Congo: Many other rebels groups threaten peace

Associated Press

DAKAR, Senegal (AP) — In mineral-rich eastern Congo, the government's victory over the M23 rebel group brings only cautious optimism. Below is a sample of some of the armed groups that still pose a threat in a region that has been wracked by violence for nearly two decades.

FDLR: The Democratic Forces for the Liberation of Rwanda, or FDLR, is viewed by analysts as the greatest remaining menace in eastern Congo. The group is led by Rwandan Hutus who helped commit the 1994 genocide and later escaped over the border. The presence of the FDLR has prompted Rwanda to invade Congo twice before to try to wipe out the group. It also has provoked a series of Congolese Tutsi rebellions, including the latest one launched by M23 in April 2012. While the FDLR has weakened in recent years, analysts say it is still well entrenched and its presence in eastern Congo is a reason many of the other armed groups say they exist. A June report from a United Nations expert panel said the FDLR's 1,500 members were mostly located in North Kivu province. It said the armed group has been weakened by high rates of surrender as well as divisions between a hard-line faction that favors armed combat and more moderate members who seek demobilization and reintegration.

Mai Mai Morgan: Composed of just a few dozen combatants, this group headed by Paul Sadala (alias "Morgan") has nonetheless carried out several recent violent attacks, including a raid on a town in Ituri district in January that led to the rape of 50 women, according to U.N. experts. Local civil society groups and the U.N. peacekeeping mission have accused Sadala's forces of raping or sexually mutilating at least 150 women in attacks that spanned just a few days in November last year, as well as engaging in cannibalism and killing some victims by setting them on fire.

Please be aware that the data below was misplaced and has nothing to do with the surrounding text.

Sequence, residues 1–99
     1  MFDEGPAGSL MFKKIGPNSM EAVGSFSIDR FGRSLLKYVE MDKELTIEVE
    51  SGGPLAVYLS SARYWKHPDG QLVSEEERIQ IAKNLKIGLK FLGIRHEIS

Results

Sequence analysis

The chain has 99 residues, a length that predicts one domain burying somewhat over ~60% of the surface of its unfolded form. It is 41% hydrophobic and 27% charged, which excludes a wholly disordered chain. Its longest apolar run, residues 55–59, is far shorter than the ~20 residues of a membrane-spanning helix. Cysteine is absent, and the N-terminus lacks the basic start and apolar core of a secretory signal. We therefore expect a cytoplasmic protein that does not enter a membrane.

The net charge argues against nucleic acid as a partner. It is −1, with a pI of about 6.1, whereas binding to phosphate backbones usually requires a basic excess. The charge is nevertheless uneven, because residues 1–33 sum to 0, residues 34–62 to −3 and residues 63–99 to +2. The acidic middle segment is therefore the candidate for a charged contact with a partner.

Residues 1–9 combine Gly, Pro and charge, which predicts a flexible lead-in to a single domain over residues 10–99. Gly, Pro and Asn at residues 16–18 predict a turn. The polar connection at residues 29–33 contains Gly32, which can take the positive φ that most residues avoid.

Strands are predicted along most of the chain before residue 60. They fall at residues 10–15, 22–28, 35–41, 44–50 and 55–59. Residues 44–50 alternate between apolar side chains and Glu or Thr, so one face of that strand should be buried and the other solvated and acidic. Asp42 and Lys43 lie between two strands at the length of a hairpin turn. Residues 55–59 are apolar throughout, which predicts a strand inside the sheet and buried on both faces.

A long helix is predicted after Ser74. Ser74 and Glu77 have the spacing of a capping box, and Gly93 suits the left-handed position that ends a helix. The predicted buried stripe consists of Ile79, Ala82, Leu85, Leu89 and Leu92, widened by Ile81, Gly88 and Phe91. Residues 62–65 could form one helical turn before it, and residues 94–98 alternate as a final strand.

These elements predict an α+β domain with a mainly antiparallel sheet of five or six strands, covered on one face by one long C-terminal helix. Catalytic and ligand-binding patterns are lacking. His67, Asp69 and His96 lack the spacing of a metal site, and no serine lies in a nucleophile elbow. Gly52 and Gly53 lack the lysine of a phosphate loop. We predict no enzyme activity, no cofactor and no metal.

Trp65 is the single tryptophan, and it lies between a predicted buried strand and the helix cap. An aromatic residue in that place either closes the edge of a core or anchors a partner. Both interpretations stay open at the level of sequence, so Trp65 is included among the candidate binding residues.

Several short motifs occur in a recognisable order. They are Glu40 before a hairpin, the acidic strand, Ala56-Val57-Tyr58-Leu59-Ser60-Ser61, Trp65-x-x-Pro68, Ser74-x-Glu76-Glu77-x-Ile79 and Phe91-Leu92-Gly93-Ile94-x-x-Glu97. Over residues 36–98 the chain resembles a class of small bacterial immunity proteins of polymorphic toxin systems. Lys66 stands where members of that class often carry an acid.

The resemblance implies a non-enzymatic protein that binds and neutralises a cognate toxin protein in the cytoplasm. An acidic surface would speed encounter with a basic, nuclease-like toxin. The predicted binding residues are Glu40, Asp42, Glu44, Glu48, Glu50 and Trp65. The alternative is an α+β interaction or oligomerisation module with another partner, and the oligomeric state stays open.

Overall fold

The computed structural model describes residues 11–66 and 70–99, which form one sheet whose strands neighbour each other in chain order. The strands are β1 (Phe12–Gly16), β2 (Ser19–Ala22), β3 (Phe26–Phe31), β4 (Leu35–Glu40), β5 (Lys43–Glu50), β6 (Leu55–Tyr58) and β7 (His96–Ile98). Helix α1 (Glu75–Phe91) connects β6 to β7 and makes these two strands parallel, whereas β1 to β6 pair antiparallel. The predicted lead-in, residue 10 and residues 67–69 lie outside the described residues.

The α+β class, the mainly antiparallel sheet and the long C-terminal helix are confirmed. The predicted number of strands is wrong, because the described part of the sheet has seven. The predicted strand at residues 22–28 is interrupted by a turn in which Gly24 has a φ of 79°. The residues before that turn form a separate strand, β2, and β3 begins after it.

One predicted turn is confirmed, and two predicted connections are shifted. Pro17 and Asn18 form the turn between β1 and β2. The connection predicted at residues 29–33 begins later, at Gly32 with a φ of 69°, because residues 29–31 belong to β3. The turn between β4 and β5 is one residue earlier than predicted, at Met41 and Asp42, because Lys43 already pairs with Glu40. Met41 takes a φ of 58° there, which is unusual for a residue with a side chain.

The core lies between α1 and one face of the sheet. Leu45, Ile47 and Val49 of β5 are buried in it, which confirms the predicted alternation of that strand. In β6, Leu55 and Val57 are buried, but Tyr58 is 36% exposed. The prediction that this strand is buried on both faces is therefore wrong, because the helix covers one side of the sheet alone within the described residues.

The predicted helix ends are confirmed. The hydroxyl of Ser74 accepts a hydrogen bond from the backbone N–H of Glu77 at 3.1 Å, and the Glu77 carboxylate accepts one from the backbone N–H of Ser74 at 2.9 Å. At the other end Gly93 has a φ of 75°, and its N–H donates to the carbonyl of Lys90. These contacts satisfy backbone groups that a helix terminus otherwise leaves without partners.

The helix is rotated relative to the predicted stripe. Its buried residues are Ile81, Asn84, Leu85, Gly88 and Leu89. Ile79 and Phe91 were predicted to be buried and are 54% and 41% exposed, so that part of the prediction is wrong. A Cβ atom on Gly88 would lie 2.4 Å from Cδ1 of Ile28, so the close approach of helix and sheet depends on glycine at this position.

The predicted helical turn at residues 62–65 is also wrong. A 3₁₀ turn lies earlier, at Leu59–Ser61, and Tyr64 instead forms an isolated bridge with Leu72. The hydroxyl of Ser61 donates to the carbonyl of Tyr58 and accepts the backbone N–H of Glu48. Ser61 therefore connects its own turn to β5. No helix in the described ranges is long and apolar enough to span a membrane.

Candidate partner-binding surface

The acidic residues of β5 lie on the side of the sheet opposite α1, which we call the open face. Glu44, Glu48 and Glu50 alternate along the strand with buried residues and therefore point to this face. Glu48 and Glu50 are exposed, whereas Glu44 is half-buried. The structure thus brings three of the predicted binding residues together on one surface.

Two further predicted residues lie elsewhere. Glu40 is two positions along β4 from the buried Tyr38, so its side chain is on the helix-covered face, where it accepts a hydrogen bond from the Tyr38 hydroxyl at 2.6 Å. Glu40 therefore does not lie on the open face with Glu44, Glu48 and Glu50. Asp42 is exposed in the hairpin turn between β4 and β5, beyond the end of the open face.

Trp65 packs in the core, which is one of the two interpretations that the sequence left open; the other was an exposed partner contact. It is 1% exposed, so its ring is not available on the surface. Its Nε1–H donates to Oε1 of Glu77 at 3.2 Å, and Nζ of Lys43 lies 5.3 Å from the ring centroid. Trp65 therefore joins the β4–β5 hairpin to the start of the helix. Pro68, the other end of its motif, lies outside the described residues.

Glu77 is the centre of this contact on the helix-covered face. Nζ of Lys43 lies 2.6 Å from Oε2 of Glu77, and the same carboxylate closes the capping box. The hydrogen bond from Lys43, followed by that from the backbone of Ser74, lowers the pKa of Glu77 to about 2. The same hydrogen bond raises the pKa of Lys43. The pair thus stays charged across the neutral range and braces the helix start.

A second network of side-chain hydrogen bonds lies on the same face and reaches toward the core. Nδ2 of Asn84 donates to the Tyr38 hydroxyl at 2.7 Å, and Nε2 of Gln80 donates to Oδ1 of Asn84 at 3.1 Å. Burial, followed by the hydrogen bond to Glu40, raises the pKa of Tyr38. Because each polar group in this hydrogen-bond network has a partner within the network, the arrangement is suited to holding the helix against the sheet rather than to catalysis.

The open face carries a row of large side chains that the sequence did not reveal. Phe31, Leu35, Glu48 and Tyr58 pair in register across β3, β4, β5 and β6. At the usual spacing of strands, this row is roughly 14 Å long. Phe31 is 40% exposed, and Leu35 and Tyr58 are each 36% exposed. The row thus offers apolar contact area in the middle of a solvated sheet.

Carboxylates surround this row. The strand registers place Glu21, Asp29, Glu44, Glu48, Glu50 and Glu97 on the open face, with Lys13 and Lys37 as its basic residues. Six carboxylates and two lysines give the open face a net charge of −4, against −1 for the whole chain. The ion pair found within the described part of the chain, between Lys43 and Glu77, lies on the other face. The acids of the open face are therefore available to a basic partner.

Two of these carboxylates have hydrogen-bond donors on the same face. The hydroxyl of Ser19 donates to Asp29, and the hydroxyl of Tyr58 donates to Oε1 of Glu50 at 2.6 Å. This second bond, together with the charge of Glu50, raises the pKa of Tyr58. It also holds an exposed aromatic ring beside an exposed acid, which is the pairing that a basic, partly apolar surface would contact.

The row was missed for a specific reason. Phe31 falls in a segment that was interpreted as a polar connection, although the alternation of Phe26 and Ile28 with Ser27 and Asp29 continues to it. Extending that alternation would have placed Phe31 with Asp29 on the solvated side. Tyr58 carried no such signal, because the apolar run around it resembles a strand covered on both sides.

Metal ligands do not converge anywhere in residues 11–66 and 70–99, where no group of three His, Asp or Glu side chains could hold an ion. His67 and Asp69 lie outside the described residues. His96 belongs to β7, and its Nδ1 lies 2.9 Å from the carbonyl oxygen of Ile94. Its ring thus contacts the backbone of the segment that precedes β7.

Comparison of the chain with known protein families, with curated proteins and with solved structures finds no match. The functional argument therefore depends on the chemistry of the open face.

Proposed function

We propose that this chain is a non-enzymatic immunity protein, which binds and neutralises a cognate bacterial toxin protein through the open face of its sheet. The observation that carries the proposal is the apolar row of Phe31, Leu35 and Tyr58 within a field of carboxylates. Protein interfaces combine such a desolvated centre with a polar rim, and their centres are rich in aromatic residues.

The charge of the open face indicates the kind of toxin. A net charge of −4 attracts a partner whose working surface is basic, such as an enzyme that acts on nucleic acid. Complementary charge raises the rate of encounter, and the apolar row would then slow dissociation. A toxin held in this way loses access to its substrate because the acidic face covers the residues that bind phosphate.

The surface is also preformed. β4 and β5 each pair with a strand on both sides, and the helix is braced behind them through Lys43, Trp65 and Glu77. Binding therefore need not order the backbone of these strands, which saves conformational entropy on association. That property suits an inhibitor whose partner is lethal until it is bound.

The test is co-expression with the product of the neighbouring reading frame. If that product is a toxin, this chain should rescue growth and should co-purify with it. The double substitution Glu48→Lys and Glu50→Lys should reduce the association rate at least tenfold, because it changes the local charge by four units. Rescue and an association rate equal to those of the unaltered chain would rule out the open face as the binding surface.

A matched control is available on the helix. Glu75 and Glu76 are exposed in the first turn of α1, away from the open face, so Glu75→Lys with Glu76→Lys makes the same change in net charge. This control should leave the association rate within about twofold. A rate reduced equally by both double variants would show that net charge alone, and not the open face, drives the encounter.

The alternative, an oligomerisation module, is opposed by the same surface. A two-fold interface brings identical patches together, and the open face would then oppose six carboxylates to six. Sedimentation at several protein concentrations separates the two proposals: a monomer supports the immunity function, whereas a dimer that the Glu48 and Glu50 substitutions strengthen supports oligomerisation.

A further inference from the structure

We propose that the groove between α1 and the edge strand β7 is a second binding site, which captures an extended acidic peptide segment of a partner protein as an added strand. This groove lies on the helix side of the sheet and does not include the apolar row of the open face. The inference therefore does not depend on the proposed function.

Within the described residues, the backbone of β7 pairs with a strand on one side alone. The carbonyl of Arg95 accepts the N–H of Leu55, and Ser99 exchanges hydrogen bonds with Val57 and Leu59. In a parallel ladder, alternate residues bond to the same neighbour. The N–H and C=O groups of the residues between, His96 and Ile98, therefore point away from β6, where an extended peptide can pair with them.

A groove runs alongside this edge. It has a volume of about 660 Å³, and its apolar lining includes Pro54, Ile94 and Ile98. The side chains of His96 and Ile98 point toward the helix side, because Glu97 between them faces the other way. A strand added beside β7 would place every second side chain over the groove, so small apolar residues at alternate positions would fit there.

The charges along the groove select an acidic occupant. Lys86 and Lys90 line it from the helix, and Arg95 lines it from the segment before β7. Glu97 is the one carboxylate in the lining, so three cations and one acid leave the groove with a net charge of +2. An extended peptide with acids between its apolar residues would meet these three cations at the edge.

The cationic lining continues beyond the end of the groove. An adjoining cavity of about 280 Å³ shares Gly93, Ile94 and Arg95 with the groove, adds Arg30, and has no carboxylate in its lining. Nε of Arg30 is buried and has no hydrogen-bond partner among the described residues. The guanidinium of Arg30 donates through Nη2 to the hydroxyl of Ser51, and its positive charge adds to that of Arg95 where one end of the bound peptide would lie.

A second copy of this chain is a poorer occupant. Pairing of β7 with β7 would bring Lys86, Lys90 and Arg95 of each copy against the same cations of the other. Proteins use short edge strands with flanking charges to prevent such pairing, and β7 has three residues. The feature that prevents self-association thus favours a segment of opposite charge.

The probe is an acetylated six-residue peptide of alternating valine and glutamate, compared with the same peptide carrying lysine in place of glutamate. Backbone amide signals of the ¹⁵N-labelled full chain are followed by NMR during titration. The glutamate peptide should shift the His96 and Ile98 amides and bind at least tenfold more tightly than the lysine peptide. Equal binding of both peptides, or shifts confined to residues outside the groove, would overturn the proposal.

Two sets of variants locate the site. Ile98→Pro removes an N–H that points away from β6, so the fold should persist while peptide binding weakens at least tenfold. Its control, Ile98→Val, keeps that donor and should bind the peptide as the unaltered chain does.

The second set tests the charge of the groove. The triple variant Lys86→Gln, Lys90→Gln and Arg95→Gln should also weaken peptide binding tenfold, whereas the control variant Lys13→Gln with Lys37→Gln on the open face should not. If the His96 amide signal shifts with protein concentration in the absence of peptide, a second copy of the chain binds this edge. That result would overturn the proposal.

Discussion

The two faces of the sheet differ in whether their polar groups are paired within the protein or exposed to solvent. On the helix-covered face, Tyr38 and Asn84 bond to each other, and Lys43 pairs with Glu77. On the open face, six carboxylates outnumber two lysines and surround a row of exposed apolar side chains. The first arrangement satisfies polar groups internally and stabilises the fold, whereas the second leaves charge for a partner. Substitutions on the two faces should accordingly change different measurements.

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Raia Mutomboki: A collection of self-defense groups organized against the FDLR, Raia Mutomboki ("Outraged Citizens") currently has members in both North and South Kivu provinces. The group committed several massacres against the FDLR in 2012, according to U.N. experts, and leaders have said they will continue to fight as long as the FDLR has a presence in eastern Congo. Several Raia Mutomboki members were allied with M23, and earlier this year U.N. experts discovered a draft document in which a Raia Mutomboki group signed onto "the M23 agenda."

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URDC: Another group that had ties to M23 is Union for the Rehabilitation of the Democracy of Congo, or URDC, headed by a Congolese army defector named Hilaire Kombi. According to U.N. experts, the group consists of 300 fighters, some of whom have been in dozens of kidnappings of adults and children this year in Beni territory. The group has tapped into regional opposition against Congo's central government and allegedly finances itself through the illegal trade of gold and ivory.

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Allied Democratic Forces: A group of Islamist rebels composed of at least 800 fighters and led by Ugandan commanders, the ADF reportedly abducted at least 80 Congolese civilians in the first half of the year, including women and children, according to U.N. experts. Unlike other groups in eastern Congo, the ADF is not plagued by high rates of surrender. Ugandan intelligence sources and a former ADF fighter told U.N. experts that the group begins military training for girls as young as 15 and boys as young as 10.

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